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Did you ever take a long, hard look at your TV and say: "It's so boxy, can I have one that's a little less oppressive?" Well, you can be sure that Samsung has, with its 2011 range arguably the best-looking TVs that have ever been invented. The D8000, or Series 8, flagship isn't as minimalist as the barely there D7000 , yet it still features a ridiculously thin bezel. This one is covered in brushed faux-aluminium echoing last year's over-achieving Series 9 TV. For our eyes, we prefer the way the D7000 bleeds into the room courtesy of its clear plastic bezel, but the flagship still looks very special.
As the bezel is quite slim there isn't much room for controls so they're mounted around the rear of the set and armed with a proximity sensor. When you put your hand behind the edge of the TV, small on-screen icons appear by the side of the bezel. Unfortunately, the sensor isn't very sensitive and if too close to a wall or cabinet (say a foot or less) we found that the icons would slide on and off randomly. Thankfully, the icons are only a couple of inches tall, and aren't too obtrusive.
Like most TVs Samsung has released this year the TV includes the "four-legged space octopus" stand, which is relatively sturdy.
The Series 8 ships with the reversible QWERTY remote, which works for text input in some apps and not in others. It features a fully working remote control on the other side.
The 55-inch D8000 is a smart TV and features web access and video on demand, with search and DLNA streaming available as standard. One of the biggest drawcards for sports fans is the inclusion of AFL and NRL Game Analyser, in addition to dedicated sports channels. BigPond Movies and TV also make an appearance.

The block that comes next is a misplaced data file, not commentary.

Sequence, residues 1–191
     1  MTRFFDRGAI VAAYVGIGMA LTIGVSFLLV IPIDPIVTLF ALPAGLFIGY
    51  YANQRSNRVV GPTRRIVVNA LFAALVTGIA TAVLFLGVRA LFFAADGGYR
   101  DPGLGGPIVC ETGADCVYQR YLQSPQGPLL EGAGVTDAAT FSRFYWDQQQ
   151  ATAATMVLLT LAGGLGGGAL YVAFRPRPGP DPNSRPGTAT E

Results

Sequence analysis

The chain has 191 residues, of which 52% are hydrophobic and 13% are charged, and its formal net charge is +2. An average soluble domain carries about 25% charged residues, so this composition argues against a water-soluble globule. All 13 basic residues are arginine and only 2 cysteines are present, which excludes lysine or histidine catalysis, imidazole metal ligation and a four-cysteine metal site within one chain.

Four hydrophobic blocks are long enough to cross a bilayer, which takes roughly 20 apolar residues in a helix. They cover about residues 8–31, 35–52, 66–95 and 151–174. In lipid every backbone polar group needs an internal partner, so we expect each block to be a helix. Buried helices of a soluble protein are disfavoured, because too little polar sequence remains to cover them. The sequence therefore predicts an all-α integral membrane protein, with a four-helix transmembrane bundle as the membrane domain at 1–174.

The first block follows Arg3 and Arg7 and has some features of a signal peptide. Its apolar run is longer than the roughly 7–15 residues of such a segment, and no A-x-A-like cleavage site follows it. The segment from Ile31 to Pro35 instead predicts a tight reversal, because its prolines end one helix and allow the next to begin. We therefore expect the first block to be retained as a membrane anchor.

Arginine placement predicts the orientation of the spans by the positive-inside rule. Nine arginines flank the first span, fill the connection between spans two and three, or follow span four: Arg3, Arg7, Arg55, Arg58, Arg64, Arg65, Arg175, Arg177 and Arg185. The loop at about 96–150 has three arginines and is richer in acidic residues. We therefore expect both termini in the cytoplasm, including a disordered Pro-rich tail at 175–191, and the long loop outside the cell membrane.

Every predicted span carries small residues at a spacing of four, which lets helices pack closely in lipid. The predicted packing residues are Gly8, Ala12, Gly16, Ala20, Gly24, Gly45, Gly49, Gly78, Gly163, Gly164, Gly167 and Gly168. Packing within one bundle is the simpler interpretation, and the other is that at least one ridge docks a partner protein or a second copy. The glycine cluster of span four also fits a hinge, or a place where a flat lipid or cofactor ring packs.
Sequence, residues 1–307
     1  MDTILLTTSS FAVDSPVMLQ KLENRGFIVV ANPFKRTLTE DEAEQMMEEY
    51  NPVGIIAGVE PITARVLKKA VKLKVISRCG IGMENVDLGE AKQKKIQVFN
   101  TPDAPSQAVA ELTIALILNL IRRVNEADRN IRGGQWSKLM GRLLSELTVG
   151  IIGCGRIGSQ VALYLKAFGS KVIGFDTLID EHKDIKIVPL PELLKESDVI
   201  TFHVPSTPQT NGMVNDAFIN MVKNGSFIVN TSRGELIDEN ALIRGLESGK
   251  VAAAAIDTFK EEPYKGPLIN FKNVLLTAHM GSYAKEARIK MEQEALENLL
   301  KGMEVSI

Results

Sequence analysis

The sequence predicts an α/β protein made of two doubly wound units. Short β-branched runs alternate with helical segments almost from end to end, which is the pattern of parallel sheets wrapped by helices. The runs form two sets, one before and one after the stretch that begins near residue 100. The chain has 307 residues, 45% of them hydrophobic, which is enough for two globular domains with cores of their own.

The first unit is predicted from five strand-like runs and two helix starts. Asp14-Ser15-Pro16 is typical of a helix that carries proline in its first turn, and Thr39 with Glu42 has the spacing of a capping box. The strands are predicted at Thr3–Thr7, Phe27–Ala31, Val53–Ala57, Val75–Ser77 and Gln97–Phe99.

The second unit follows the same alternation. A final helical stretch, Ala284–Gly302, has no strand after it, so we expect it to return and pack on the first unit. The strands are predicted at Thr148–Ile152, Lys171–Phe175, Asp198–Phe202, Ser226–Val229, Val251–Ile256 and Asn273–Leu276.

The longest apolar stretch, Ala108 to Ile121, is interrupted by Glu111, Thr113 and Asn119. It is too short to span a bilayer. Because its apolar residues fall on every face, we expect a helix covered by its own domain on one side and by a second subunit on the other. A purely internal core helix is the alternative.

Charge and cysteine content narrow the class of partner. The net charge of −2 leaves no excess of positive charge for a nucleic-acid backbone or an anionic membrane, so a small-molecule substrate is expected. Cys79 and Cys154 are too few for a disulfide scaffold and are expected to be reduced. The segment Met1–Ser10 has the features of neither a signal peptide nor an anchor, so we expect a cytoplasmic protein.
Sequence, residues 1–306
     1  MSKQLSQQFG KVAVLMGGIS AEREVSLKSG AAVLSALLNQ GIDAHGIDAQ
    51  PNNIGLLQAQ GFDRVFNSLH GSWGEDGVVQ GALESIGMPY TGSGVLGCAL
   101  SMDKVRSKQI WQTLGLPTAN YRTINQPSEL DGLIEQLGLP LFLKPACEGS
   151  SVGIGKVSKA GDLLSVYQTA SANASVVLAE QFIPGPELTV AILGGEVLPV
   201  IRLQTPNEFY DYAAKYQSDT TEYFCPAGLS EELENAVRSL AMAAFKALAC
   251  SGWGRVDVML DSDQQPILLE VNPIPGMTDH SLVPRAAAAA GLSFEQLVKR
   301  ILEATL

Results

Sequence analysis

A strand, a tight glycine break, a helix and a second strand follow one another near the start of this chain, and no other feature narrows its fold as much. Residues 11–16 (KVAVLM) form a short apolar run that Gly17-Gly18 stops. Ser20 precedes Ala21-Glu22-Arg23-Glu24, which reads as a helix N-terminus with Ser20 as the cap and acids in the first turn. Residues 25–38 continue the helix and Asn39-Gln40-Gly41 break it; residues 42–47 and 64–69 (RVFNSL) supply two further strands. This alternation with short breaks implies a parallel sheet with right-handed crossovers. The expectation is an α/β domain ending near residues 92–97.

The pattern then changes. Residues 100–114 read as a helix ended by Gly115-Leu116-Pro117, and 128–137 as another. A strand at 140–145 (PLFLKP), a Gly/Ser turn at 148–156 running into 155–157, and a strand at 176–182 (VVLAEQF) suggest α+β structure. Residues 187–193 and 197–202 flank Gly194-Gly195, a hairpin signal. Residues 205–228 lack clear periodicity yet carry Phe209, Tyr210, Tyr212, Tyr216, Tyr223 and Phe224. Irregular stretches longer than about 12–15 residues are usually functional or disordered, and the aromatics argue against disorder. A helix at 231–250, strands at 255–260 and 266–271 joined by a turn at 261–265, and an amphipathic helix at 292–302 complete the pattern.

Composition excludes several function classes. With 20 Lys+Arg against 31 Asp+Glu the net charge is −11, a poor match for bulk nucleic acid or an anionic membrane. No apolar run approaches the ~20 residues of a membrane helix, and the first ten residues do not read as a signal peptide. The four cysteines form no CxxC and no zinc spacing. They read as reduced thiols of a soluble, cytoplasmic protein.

The Samsung boasts the 3D HyperReal Engine, which is used for picture processing in both 2D and 3D. We've had some experience with it previously and have been very impressed with its ability to clean up noisy signals.
The D8000 also features active 3D, and if it floats your boat it also includes 2D-3D conversion — though, we like our vessels with a bit more water. The bundled glasses are much less like welding goggles and are actually quite slim. The glasses are designed to be charged through the TV or an a dedicated stand, but it's regrettably not available in Australia.
At a Samsung launch earlier in the year, the company said it was developing a "Second Screen" function that would let you use a Samsung smartphone or tablet in a similar way to the TV screen remote to last year. At the time of publication the feature was yet to be announced.